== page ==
Gross Motor Skills
What are motor skills?
Motor skills are an essential factor of development for all children. These skills are movements of the body which are made when the brain, nervous system and muscles work in conjunction with each other. Through each stage of a child’s development, motor skills will continue to develop from small grasps of the hand to jumping and catching. Both fine (small) motor skills and gross (large) motor skills will contribute to a child’s development and independence.
Gross motor skills
Gross motor skills are the larger actions a baby/child makes; these skills concern the larger muscles in the body creating bigger movements and actions. Examples include when a baby is able to lift and move their head on their own or rolling over, and for slightly older children examples of gross motor skills include actions like running, skipping and jumping.
It is important to remember that fine and gross motor skills work hand in hand together. For example, once a child has mastered the everyday gross motor abilities such as getting in and out of bed, walking up and down the stairs and putting on clothes, the fine motor abilities will then allow for increased independence in smaller yet equally significant ways, such as brushing their teeth, undoing and doing up the buttons on their clothes, tying shoelaces, washing hands and so on.
Encouraging motor skills
You can encourage a child’s development of motor skills by offering lots of opportunities for practice. Regularly plan outdoor and indoor activities, and give children the resources to play with that will motivate them to use these skills. Ball games are great for building on the gross motor skills as they can be open to interpretation and children can get their whole bodies moving; you can show them a game to play and then let them play freely to their own liking, allowing them to use their imagination. Stacking blocks and Lego are also great for the fine motor skills as children have to pick the blocks up and work out where they need to be placed.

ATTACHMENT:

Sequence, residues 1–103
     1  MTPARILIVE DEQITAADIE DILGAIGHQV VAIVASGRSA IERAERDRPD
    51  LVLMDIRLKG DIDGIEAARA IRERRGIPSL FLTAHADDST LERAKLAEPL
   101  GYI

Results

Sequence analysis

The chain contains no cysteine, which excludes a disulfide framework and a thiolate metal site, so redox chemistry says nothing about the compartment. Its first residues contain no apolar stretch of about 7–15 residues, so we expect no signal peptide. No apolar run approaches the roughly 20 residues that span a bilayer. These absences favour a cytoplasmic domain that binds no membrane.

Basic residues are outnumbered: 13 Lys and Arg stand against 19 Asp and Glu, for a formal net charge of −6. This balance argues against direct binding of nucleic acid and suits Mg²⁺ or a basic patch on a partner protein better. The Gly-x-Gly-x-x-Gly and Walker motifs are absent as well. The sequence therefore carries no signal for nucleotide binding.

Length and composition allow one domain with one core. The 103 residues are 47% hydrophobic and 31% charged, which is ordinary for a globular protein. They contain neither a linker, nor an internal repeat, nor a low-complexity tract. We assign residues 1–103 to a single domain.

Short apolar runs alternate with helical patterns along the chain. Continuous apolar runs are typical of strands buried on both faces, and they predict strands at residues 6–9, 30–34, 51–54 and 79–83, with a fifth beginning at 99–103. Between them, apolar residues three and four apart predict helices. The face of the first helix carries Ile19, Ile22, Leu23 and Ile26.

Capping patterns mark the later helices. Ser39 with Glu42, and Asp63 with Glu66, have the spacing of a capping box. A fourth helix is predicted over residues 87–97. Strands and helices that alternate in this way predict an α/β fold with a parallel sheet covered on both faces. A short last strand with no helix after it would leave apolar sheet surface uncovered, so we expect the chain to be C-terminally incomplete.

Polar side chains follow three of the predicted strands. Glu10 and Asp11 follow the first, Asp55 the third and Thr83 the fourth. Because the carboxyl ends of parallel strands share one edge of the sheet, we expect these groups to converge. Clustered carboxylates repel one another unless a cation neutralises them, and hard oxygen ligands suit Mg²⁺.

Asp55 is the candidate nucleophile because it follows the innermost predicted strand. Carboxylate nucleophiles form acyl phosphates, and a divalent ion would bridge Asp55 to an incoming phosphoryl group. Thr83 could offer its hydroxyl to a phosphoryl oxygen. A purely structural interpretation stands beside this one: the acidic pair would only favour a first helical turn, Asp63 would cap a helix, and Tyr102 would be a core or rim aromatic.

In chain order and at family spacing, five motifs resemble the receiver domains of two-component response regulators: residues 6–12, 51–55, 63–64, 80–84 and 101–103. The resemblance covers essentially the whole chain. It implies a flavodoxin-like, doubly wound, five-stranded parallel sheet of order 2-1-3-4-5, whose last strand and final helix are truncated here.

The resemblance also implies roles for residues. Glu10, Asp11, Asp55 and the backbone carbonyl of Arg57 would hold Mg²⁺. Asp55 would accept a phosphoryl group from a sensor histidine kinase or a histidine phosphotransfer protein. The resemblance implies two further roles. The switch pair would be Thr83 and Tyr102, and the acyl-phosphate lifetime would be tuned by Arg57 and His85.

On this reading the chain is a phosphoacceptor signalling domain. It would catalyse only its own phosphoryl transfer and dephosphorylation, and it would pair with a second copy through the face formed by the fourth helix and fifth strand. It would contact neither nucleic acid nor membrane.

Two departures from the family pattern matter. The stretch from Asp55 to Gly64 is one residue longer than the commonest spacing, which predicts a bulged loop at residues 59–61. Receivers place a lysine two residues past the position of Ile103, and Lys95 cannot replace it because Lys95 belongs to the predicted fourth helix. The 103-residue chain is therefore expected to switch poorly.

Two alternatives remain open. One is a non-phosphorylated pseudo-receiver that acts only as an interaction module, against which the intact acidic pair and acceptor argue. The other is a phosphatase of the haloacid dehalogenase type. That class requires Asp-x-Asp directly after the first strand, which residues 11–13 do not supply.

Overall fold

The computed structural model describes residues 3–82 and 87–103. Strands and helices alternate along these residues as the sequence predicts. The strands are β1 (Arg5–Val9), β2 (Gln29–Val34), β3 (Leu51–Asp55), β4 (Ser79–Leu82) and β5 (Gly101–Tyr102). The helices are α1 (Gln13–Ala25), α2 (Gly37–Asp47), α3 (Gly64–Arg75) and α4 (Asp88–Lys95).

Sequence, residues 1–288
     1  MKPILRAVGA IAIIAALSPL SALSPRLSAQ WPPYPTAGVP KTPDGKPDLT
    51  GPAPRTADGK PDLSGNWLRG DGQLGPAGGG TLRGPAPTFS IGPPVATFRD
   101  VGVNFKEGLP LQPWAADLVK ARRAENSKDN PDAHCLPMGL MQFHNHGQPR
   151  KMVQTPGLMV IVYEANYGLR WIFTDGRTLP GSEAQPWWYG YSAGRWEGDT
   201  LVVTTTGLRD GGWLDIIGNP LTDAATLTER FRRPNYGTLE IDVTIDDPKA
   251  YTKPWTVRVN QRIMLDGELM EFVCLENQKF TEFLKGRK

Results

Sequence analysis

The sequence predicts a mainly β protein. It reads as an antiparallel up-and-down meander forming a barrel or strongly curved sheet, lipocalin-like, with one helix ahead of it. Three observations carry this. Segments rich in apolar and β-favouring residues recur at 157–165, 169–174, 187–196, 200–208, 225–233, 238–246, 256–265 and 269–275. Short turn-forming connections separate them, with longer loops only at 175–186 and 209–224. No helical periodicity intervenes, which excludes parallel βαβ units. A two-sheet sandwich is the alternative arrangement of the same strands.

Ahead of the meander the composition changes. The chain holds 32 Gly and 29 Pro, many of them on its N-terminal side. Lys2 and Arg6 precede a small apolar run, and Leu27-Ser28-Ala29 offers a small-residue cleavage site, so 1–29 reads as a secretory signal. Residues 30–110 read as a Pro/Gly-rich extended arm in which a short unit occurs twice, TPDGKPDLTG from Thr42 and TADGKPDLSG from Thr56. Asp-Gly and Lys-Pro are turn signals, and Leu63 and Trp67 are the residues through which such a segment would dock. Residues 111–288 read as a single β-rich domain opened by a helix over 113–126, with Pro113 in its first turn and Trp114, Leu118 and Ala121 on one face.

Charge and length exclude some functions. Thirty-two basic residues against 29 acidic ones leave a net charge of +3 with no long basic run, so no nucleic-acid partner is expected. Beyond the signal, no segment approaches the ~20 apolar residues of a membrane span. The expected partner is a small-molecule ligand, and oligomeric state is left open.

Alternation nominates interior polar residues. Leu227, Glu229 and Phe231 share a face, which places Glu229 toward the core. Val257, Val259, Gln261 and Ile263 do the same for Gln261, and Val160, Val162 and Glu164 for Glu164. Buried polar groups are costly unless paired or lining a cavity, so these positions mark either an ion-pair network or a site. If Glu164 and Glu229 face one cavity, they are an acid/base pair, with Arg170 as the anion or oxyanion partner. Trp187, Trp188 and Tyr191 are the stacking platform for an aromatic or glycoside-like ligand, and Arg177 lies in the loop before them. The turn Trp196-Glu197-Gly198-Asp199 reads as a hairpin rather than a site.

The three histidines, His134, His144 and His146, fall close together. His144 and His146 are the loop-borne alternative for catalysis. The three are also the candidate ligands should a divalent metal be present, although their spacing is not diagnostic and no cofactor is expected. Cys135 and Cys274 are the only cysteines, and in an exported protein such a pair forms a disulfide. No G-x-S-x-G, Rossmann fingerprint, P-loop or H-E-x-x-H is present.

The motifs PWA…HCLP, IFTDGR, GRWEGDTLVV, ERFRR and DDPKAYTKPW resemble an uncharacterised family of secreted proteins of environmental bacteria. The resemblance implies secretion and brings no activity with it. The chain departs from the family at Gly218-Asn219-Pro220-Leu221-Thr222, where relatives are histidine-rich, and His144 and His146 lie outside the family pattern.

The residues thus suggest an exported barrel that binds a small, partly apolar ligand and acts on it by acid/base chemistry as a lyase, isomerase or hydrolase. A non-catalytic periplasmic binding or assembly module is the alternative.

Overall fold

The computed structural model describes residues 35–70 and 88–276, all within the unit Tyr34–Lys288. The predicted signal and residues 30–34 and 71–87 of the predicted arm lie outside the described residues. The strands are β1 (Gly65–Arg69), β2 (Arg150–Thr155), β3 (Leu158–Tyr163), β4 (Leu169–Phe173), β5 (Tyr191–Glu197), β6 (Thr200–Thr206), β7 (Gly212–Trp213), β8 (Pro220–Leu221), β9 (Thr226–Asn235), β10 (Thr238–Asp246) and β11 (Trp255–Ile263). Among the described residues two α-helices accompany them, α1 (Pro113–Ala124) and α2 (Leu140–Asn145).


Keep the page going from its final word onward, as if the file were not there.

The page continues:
Try to steer away from doing things that can discourage this development; for instance, rather than using a stroller or carrying a baby who can walk/almost walk, it is worth letting them practice their walking skills where possible using you or other objects as a balance if necessary.
Physical development - Gross motor skills
Learn more about gross motor skills as part of the early years foundation stage (EYFS) including advice from experts and suggested activities.
Why gross motor skills are important
Gross motor skills are the skills that children develop using their whole body. You can see this from a baby’s earliest efforts to move and travel, to young children coordinating whole body movements. By using their whole bodies children become increasingly confident, agile and flexible.
All children need to be confident in their gross motor skills and movements. For some children this confidence will come in smaller steps and take longer to achieve. Be patient, giving them time and space, and encouraging words. Take expert advice for children with physical and mobility additional needs. This may increase childrens’ development of muscular strength, ability to take well intentioned, safe risks and become increasingly well-coordinated.
Gross motor skills affect wellbeing and give children opportunities to socialise in play. Confidence and coordination in gross motor skills are essential for children in developing their fine motor skills.
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Gross Motor Skill Activities: